Nutrient reduction requires knowledge of local environmental conditions and diagnosis of main sources.  In the United States, the success of the Clean Water Act of 1972 at improving water quality and reducing hypoxia in freshwater systems was directly related to understanding local environmental conditions and nutrient/organic sources.  The Water Framework Directive strives to do the same for European waters.  To deal effectively with issues in coastal systems it is clear that an integrated, cross-sector land and coastal management will need tobe developed. The U.S. Clean Water Act deals well with point source discharges, but not well with nonpoint discharges. The Water Framework Directive addresses both.

A particularly important example of a large system that has recovered from hypoxia is the north-western continental shelf of the Black Sea.  More information about this system and how it has been managed is detailed in the article on page 7.


Extending the success of controlling hypoxia in large marine ecosystems (and the regional subsystems that comprise them) will require an integrated management approach that considers the ecosystem as a whole, involving both land and coastal components and society.  Prevention and long-term remediation of hypoxia can be achieved by reducing excess nutrients (especially N and P) entering the coast from the land and atmosphere.  An integrated effort to synthesize case-specific knowledge on how hypoxia varies with external drivers and internal ecological conditions could be used to identify effective solutions to regional problems of expanding hypoxic zones.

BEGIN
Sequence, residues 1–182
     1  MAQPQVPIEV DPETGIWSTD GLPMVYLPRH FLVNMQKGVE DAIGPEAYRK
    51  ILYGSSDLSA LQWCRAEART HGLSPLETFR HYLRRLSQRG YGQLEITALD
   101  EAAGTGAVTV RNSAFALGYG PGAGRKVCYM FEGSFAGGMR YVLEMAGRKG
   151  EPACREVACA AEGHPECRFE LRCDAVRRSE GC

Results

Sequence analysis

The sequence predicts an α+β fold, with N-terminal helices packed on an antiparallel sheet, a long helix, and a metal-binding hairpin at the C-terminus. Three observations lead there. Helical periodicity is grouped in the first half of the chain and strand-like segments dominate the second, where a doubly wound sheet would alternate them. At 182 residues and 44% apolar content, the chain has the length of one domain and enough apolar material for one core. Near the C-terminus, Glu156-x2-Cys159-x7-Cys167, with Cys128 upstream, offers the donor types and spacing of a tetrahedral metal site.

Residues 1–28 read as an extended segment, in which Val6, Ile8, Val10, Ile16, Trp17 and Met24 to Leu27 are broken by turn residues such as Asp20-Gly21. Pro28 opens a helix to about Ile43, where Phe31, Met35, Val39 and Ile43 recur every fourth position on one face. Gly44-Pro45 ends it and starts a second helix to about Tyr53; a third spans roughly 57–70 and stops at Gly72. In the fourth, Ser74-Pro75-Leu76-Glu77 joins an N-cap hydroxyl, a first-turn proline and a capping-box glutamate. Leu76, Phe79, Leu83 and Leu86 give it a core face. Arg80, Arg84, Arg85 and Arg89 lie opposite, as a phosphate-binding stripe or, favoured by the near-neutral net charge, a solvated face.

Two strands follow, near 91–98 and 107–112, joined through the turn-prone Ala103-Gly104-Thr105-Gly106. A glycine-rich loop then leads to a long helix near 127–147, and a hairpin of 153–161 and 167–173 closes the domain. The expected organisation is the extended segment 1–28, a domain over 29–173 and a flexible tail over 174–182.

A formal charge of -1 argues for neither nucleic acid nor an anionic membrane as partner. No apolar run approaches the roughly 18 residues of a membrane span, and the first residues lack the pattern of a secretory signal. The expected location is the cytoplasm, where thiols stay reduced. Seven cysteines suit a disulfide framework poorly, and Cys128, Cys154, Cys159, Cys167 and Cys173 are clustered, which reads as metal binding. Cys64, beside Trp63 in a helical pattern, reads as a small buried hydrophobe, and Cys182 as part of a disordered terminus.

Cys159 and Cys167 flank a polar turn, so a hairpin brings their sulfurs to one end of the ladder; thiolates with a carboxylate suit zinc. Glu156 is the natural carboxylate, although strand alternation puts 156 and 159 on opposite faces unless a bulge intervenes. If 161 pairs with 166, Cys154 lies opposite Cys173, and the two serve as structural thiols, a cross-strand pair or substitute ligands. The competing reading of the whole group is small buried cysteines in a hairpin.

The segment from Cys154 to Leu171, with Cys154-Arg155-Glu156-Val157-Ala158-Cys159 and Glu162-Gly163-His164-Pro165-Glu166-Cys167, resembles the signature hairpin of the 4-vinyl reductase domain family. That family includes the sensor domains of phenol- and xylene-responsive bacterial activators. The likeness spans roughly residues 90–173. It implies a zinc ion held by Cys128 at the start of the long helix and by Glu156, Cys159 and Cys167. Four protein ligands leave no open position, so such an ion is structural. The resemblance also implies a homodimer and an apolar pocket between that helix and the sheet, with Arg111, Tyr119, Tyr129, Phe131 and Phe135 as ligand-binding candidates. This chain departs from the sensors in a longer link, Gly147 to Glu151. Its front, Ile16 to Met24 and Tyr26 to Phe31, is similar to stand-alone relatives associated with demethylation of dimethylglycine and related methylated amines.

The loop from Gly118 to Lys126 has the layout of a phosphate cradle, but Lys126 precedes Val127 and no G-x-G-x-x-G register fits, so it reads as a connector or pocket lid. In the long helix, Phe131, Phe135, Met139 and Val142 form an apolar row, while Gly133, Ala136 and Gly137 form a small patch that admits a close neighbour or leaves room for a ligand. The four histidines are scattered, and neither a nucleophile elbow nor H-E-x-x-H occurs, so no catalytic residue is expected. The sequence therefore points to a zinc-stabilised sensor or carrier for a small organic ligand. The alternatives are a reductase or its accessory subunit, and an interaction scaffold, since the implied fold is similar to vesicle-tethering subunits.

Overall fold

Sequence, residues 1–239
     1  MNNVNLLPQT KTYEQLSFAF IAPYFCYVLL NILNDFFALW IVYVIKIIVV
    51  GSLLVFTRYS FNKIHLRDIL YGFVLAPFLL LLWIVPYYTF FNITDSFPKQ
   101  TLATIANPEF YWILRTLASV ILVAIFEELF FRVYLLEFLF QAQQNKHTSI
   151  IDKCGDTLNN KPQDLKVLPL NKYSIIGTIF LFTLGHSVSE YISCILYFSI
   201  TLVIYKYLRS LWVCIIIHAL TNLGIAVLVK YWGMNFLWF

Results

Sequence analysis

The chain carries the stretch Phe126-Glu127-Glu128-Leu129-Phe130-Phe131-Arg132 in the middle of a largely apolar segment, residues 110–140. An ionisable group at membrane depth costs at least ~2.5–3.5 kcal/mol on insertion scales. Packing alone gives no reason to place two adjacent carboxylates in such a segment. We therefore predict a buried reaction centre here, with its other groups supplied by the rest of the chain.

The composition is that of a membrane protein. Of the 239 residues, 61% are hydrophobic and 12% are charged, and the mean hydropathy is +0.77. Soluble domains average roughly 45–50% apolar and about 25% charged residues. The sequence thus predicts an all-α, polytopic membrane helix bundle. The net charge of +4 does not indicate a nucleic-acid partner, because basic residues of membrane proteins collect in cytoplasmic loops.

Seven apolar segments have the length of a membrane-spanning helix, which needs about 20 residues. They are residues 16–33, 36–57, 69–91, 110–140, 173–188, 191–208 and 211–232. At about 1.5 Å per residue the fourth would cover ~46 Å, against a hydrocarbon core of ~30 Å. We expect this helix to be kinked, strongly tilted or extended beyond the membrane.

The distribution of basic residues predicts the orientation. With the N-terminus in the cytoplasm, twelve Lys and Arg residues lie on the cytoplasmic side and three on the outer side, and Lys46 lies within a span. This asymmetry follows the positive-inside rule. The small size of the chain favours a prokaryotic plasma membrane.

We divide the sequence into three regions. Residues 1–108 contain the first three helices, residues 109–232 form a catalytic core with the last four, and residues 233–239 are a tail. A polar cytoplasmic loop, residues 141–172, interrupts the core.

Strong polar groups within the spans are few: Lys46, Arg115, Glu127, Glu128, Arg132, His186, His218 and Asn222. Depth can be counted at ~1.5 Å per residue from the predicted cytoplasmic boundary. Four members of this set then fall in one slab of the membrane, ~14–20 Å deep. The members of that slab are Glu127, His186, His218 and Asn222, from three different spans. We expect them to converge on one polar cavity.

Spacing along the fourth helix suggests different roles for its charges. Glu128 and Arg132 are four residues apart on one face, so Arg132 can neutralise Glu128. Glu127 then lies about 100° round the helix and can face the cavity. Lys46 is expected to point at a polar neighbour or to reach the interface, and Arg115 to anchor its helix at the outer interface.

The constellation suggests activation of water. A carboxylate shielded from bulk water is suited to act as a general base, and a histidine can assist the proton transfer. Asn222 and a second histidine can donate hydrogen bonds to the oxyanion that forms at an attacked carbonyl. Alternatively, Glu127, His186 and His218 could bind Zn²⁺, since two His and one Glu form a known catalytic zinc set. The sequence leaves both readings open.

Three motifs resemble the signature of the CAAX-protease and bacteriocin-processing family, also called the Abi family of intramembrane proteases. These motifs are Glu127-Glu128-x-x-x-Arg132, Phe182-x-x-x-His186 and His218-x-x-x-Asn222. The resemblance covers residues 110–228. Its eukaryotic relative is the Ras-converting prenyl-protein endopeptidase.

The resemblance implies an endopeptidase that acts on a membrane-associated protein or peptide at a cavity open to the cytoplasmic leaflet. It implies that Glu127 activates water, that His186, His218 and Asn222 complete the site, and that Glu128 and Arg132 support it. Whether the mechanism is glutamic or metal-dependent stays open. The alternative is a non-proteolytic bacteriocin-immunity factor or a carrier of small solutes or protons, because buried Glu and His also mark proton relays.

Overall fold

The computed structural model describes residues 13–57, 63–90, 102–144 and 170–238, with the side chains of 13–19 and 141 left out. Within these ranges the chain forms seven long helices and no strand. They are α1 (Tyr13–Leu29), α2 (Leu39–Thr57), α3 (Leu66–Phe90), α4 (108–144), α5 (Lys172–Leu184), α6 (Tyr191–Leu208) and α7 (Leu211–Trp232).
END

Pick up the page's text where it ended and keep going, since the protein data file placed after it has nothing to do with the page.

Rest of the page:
Further Reading:

Díaz, R. J., and Rosenberg, R.: Spreading dead zones and consequences for marine ecosystems, Science, 321, 926-929, 2008.

Kemp, W. M., Testa, J. M., Conley, D. J., Gilbert, D., and Hagy, J. D.: Temporal responses of coastal hypoxia to nutrient loading and physical controls, Biogeosciences, 6, 2985–3008, 2009. (Open Access)

Mee, L. D.: Reviving dead zones, Scientific American, November 2006, 80–85, 2006.

Rabalais, N. N., Díaz, R. J., Levin, L. A., Turner, R. E., Gilbert, D., and Zhang, J.: Dynamics and distribution of natural and human-caused hypoxia, Biogeosciences, 7, 585–619, 2010. (Open Access)

Sanderson, E. W., Jaiteh, M., Levy, M. A., Redford, K. H., Wannebo, A. V., Woolmer G.: The human footprint and the last of the wild, BioScience 52, 891-904, 2002.

World Resources Institute (WRI). (In Preparation). Eutrophication and hypoxia web resources. To be launched in late 2010.



Nutrient Management Key to Hypoxia Reductions in the Danube-Black Sea Basin – Chuck Chaitovitz

Hypoxia is a Growing Global Challenge

Hypoxic “dead zones” of low oxygen have increased almost nine times since 1969, as highlighted by Diaz et al. in the previous article.  There is widespread scientific agreement that changes in the global nitrogen cycle and increased nutrient loading, primarily caused by non-point source pollution (i.e. agricultural activities and storm water runoff) are directly linked to these “dead zones” and other significant impacts on our water resources, including:

  • Nuisance levels of algae and aquatic vegetation;
  • Reduced penetration of light;
  • Increased turbidity – sight feeding fish, aesthetics, water safety, limits growth of submerged aquatic vegetation, impairment of fisheries and habitat degradation;
  • Low levels of dissolved oxygen,  high levels of ammonia; results of organic decomposition;
  • Increased drinking water treatment costs – formation of disinfection by-products (e.g., THMs (trihalomethanes)) in drinking water, taste and odor effects of algae